Réunion Island Photo: Milky Way Over Piton De l'Eau By Luc Perrot Is Stunning (PHOTO)
Luc Perrot, a physical therapist and astrophotographer based on Réunion Island, a French territory off the coast of eastern Africa, had to wait two years for the perfect conditions to snap this amazing photo of the Milky Way.
The photograph, which is actually 12 images stitched together, shows the Milky Way over Piton de l'Eau, a volcanic crater lake on the small island. In the background is Piton des Neiges, which at more than 10,000 feet is the highest mountain on Réunion Island.
The picture, taken earlier this month, was featured as NASA's Astronomy Picture of the Day.
Perrot told HuffPost in an email that the secret to getting a great shot like this lies in knowing your subject, which in this case is, of course, the sky. "It is also essential to master astronomy to anticipate the movement of the stars," he said.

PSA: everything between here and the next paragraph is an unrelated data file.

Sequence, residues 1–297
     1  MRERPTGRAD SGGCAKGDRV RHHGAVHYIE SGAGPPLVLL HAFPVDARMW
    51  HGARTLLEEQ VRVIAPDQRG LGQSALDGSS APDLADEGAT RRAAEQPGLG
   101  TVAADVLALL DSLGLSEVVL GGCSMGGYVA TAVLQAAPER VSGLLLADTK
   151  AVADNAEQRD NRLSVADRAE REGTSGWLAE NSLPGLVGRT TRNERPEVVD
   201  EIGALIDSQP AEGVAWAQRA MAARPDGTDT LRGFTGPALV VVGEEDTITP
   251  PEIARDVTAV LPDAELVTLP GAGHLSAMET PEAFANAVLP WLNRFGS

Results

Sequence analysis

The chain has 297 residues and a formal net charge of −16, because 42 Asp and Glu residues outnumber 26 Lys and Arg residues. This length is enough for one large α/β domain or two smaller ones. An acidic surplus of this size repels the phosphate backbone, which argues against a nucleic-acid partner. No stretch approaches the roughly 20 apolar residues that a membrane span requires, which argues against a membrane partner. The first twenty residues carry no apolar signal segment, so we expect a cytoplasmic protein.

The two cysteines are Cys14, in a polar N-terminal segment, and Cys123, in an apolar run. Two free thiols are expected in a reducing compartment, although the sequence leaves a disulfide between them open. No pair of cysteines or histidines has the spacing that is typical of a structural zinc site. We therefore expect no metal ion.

"Photographing the night sky makes me feel like a magician," Perrot wrote. "It reveals to the world the immensity of our universe."
Perrot has lived on Réunion Island since 1999. He recently took third place in The World At Night's 2012 Earth & Sky Photo Contest. (Source)
Milky Way Over Piton de l'Eau Image Credit & Copyright: Luc Perrot
Explanation: Sometimes, if you wait long enough for a clear and moonless night, the stars will come out with a vengeance. One such occasion occurred earlier this month at the Piton de l'Eau on Reunion Island. In the foreground, surrounded by bushes and trees, lies a water filled volcanic crater serenely reflecting starlight. A careful inspection near the image center will locate Piton des Neiges, the highest peak on the island, situated several kilometers away. In the background, high above the lake, shines the light of hundreds of stars, most of which are within 100 light years, right in our stellar neighborhood. Far in the distance, arching majestically overhead, is the central band of our home Milky Way Galaxy, shining by the light of millions of stars each located typically thousands of light years away. The astrophotographer reports waiting for nearly two years for the sky and clouds to be just right to get the above shot.
NASA's Astronomy Picture of the Day.